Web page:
Wednesday, July 6, 2022

NZ dairy needs to stay competitive

The guest list to the Asian dairy party is growing and New Zealand will need to focus on its own competitiveness, particularly in the areas of production cost, product quality and export market relationships. Annette Scott reports.

Hayley Moynihan: US dairy could upset Asian market dominance.

The structural increase in global dairy prices has brought increased export competition to the traded market, says Rabobank senior analyst Hayley Moynihan

For dairy exporters the party is primarily taking place in Asia due to a growing appetite for dairy products and generally low rates of dairy self-sufficiency throughout the region.

NZ has enjoyed historical dominance in key regional markets with importers often preferring product originating from Oceania, but increasing export presence of the United States (US) is now being keenly felt as its competitiveness improves and the Asian region remains hungry for additional product, Moynihan told a gathering of dairy farmers and agribusiness representatives in Ashburton.

Moynihan’s presentation provided the latest analysis on the medium to longer term outlook for dairy markets, including the impact of the increased US export presence in key Asian markets.

Dairy farmers gained an insight into how the growing Asian dairy demand and increased US exports were likely to impact their businesses over the coming five years, and beyond.

Rabobank believes that the outlook to 2020 provides a solid growth story for global dairy demand at around 2.4% compound annual growth.

Most of the expansion in market demand through to 2020 would be met by developing regions. Much of the increased requirements of import-reliant regions, such as South East Asia, the Middle East and North Africa, in coming years would need to be met by export regions.

Global market price levels would be key in determining which exporting countries fill the import gap. Export success will also be reliant on the existence of market conditions that facilitate growth.

Parts of the EU and the US were likely to play starring roles. Increased production cost competitiveness would be evident through larger scale operations and the adjustment to lower subsidy and support regimes.

Alongside the phasing out of European milk production quotas, the weakness of the European and US domestic economies had further contributed through lower domestic consumption growth increasing dairy product availability, and currency depreciation improving their relative export competitiveness.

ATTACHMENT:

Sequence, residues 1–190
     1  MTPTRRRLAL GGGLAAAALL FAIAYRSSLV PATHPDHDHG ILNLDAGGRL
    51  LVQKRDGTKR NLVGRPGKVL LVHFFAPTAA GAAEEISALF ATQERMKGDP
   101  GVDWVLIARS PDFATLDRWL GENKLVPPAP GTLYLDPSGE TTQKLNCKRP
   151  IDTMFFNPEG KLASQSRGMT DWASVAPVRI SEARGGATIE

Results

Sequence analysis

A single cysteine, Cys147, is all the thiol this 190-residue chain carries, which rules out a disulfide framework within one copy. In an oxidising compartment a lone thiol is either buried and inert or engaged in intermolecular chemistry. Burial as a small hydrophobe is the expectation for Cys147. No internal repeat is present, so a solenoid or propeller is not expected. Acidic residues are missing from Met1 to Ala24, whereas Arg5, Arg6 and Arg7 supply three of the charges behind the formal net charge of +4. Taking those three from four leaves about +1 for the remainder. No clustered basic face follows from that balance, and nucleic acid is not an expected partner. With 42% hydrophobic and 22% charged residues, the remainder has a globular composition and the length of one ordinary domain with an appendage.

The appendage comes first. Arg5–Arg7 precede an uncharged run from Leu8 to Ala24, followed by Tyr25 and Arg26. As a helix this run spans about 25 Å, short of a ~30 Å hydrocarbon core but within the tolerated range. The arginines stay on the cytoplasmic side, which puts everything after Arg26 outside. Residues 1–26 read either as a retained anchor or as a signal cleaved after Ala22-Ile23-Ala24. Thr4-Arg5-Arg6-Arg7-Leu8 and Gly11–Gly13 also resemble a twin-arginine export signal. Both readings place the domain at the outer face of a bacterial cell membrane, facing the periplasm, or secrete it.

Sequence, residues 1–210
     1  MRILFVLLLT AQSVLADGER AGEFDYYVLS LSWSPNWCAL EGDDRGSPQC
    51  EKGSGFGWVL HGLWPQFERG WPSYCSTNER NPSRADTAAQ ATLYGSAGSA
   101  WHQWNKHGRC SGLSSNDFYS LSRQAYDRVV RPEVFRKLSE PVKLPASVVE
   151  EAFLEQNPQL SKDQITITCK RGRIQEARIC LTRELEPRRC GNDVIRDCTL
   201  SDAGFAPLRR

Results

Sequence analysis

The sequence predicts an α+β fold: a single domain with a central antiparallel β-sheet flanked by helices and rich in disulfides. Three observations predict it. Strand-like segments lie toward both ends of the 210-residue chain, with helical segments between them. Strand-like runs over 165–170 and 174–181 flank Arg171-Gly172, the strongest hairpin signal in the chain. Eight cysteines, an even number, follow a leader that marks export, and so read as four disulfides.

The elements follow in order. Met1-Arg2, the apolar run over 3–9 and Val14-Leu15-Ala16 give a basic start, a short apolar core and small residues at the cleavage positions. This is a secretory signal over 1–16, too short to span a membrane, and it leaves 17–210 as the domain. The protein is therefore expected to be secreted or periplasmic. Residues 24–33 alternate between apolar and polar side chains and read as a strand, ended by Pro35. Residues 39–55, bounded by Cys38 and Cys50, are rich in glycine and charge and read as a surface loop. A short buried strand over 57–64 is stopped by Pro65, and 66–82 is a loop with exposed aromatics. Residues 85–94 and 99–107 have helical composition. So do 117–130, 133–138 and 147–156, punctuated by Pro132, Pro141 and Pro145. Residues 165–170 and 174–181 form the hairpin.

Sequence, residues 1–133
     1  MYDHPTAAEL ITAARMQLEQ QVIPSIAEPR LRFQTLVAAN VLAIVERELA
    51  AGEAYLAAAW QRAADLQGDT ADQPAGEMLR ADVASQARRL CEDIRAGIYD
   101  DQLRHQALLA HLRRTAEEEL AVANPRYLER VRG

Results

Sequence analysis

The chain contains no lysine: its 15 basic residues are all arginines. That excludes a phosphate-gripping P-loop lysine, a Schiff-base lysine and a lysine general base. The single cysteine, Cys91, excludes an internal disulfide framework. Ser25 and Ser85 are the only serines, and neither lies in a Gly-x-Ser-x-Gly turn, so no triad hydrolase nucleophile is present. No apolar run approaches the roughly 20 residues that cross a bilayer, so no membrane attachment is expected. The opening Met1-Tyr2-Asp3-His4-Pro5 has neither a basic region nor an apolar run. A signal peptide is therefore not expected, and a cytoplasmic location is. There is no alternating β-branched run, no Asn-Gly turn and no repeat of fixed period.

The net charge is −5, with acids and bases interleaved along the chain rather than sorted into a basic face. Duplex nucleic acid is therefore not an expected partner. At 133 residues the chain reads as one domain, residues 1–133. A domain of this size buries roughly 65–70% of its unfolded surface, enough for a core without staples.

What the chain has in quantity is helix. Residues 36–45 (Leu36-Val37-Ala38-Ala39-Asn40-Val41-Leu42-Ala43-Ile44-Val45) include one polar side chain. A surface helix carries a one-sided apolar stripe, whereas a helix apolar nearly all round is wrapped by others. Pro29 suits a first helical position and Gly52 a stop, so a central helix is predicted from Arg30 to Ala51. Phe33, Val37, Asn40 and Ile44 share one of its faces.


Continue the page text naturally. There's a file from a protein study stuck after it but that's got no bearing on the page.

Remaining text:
Rabobank’s medium-term price range expectations hold through to 2020, averaging somewhere between US$3300 and US$3800 per tonne for whole milk powder. Price levels would need to attract investment to produce additional milk in medium cost regions for export. This price range would be impacted over the long term by global rates of economic growth, the value of export currencies against the US dollar and the level of feed costs.

Annual US milk production had increased by 14 billion litres over the past decade, while exports had more than trebled to exceed 8b litres in milk equivalent terms. While much of the exported product had been destined for close neighbour Mexico, increasing volumes were now crossing the Pacific Ocean and into Asia.

“The US has joined the dairy export market party, and with considerable scale and presence.”

US dairy exports have been driven by a combination of push and pull factors. Push factors have included the expanding milk pool and the growing realisation that the domestic market will offer much less growth in the next decade than has been evident over the past 30 years.

On the pull side, increased global demand for dairy products culminating in more attractive world prices had created an export opportunity for the US. While offshore buyers were encouraging US companies to develop export competencies, the US industry had already embarked on export promotion activities aimed at assisting exporters, facilitating trade and developing an offshore market presence.

“The US dairy industry has made considerable progress in a short time, especially in Asia,” Moynihan said.

The convergence of US and global dairy commodity prices at a higher level since the mid-2000s has largely removed the effectiveness of domestic price supports and encouraged dairy players to consider an export market strategy. At the same time, large-scale, efficient milk producers had proved their cost competitiveness.

“From NZ’s perspective, the US is both a key competitor and a trade partner in dairy. Its presence on the world stage as an exporter is more than a cameo appearance, now that the US is establishing trade relationships it won’t be leaving anytime soon.”

Moynihan believed there would be room for both NZ and the US in the Asian dairy market. “But expect vigorous competition.”

The US had built strong export volumes into countries such as Japan, Korea, Vietnam and Indonesia, primarily in cheese and powder products. While NZ had retained the lion’s share of big powder markets in China and the Philippines, the presence of US product in these key destinations continued to increase.

The US was also likely to fill gaps opening up in other markets. As NZ had insufficient volume to fulfil the growing requirements of all countries and increasingly focused its attention on neighbouring Asia, the US could be expected to step into the breach elsewhere.

But without reform to its milk pricing system the US was unlikely to ever be as well tuned to the export business as NZ.

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